Shorter duration of macular detachment correlates with better visual outcomes
MAR 06, 2023
The most successful retinal detachment repairs appear to be seen when the duration of the macular detachment is no more than 2 days, although repairing within 3 days still yields a significantly better prognosis than waiting 4 days or longer.
This prospective observational cohort study sought to determine if there is a correlation between the duration of macular detachment (DMD) and visual outcomes after rhegmatogenous retinal detachment (RRD) repair. A total of 719 eyes with macula-off RRD according to the Japan-Retinal Detachment Registry were included. Outcomes were compared 6 months postoperatively using BCVA as a primary measure.
Six months after surgery, BCVA was significantly better in patients whose retinal detachment repair occurred within 2 days of macular detachment onset as compared to those whose macular detachment lasted 3 days or longer (P = 9.1 × 10–7). A similar result was found if the DMD was 3 days or less in comparison to 4 days or more (P = 1.6 × 10–3).
Macular detachment onset was based on the patient’s complaint and therefore is an imprecise measure that may have introduced bias. In addition, some patients had a prior history of vitrectomy, including for retinal detachment; this may cloud the results, as there was no mention of macular status prior to the initial surgery for eyes that had been previously vitrectomized.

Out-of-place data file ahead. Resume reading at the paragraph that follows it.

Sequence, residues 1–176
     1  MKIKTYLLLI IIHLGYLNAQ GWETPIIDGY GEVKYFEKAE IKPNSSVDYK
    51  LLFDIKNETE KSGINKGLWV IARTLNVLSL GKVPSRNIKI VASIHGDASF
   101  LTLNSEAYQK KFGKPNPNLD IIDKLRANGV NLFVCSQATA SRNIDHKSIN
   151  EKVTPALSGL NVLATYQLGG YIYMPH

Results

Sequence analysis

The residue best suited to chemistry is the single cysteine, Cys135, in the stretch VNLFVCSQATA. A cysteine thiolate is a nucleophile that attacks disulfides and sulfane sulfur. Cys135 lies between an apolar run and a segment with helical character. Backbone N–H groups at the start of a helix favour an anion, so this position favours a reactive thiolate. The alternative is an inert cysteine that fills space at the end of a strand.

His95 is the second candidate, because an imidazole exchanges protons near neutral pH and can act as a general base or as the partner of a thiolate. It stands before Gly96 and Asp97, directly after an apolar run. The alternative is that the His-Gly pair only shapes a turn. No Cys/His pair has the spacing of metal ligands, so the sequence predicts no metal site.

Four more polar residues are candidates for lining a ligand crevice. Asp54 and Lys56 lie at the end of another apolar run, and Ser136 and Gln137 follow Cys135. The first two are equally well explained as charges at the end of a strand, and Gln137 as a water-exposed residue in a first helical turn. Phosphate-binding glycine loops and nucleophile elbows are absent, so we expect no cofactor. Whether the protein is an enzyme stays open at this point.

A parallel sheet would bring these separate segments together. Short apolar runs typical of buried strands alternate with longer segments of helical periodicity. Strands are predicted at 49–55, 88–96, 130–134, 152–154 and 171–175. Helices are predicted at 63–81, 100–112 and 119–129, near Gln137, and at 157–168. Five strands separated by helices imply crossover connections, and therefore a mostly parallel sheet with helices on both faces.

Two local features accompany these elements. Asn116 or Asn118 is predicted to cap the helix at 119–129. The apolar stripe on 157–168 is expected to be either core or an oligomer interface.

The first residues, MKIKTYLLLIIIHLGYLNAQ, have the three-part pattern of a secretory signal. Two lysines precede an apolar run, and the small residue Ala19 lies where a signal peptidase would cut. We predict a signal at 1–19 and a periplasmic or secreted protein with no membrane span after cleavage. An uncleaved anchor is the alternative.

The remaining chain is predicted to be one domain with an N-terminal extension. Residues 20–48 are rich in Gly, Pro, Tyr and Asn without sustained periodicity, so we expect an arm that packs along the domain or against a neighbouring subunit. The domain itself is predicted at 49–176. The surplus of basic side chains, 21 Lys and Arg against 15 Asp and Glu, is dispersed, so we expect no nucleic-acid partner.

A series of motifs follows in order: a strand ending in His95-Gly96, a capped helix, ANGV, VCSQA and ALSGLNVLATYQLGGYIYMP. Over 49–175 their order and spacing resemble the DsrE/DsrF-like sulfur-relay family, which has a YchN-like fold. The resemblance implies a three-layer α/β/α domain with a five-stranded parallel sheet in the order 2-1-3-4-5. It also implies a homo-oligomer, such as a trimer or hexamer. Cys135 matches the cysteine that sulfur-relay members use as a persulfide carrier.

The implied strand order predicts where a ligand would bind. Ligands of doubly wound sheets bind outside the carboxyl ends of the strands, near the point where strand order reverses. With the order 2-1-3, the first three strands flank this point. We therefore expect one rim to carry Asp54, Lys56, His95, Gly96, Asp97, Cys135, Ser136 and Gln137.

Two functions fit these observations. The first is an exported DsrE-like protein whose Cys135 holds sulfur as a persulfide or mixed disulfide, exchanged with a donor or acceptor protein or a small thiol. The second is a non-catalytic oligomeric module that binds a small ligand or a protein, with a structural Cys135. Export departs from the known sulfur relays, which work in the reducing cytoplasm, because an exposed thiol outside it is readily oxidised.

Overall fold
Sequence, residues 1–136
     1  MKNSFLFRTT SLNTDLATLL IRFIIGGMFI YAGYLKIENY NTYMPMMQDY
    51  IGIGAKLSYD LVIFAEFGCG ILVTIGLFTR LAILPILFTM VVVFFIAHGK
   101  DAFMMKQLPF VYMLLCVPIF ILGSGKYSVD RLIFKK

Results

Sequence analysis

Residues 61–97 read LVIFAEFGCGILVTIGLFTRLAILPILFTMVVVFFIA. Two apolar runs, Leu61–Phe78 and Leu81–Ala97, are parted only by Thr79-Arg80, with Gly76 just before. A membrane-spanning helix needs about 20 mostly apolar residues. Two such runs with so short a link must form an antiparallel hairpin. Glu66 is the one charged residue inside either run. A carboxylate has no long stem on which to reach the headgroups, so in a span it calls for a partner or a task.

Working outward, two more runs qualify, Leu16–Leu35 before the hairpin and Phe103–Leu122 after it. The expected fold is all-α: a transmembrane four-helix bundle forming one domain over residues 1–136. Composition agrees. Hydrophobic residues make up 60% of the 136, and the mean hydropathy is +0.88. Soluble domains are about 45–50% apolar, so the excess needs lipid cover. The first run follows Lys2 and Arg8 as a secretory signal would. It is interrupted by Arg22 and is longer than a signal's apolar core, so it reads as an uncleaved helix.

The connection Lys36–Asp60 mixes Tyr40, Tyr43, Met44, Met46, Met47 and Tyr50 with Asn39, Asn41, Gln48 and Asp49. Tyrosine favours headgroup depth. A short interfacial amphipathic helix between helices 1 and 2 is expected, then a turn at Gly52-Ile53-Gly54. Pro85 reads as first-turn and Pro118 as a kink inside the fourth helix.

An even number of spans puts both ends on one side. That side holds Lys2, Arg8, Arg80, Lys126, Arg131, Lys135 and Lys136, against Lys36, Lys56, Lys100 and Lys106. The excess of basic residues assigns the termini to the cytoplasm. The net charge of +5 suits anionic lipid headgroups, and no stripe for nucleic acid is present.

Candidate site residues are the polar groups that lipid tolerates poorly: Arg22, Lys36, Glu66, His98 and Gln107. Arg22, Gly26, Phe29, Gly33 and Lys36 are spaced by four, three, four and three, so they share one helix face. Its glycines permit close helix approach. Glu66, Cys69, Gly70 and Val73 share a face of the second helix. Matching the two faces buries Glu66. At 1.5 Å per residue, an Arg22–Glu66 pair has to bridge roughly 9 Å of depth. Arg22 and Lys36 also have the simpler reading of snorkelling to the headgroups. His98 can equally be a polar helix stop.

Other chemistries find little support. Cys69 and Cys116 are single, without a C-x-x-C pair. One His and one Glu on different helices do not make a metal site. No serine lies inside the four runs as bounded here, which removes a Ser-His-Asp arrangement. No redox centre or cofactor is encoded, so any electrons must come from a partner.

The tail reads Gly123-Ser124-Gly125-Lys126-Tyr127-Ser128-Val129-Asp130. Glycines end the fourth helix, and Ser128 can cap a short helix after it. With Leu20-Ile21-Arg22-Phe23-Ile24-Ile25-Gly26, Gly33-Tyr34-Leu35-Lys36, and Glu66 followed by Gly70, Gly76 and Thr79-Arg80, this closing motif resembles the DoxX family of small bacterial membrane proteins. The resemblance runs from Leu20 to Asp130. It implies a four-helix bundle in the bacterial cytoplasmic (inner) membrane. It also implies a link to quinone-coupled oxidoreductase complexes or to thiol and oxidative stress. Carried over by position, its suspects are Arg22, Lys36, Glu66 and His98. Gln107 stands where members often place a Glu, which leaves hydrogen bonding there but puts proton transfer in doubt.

Retinal repair within 2 days of macular detachment appears to yield the best BCVA at 6 months, followed by repair within 3 days of detachment. However, when the DMD is greater than 4 days, the timing of surgical intervention does not seem to significantly impact visual prognosis. These results suggest that prompt surgery after the onset of macular detachment is important to achieve more positive outcomes, so attempts should be made to intervene sooner in these macula-off cases.
Financial Disclosures: Dr. Marianeli Rodriguez discloses no financial relationships.